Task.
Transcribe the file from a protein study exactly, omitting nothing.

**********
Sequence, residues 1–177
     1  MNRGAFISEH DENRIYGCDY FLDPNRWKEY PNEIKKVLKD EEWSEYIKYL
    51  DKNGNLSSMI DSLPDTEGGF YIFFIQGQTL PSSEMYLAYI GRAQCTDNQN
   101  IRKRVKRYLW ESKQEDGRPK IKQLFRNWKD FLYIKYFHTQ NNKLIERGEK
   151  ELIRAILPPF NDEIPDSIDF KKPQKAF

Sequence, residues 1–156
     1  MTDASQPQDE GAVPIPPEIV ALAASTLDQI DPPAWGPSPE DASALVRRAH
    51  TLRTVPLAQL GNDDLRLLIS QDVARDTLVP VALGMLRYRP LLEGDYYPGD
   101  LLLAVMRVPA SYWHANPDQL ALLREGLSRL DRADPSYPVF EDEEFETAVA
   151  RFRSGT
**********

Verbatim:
Sequence, residues 1–177
     1  MNRGAFISEH DENRIYGCDY FLDPNRWKEY PNEIKKVLKD EEWSEYIKYL
    51  DKNGNLSSMI DSLPDTEGGF YIFFIQGQTL PSSEMYLAYI GRAQCTDNQN
   101  IRKRVKRYLW ESKQEDGRPK IKQLFRNWKD FLYIKYFHTQ NNKLIERGEK
   151  ELIRAILPPF NDEIPDSIDF KKPQKAF

Sequence, residues 1–156
     1  MTDASQPQDE GAVPIPPEIV ALAASTLDQI DPPAWGPSPE DASALVRRAH
    51  TLRTVPLAQL GNDDLRLLIS QDVARDTLVP VALGMLRYRP LLEGDYYPGD
   101  LLLAVMRVPA SYWHANPDQL ALLREGLSRL DRADPSYPVF EDEEFETAVA
   151  RFRSGT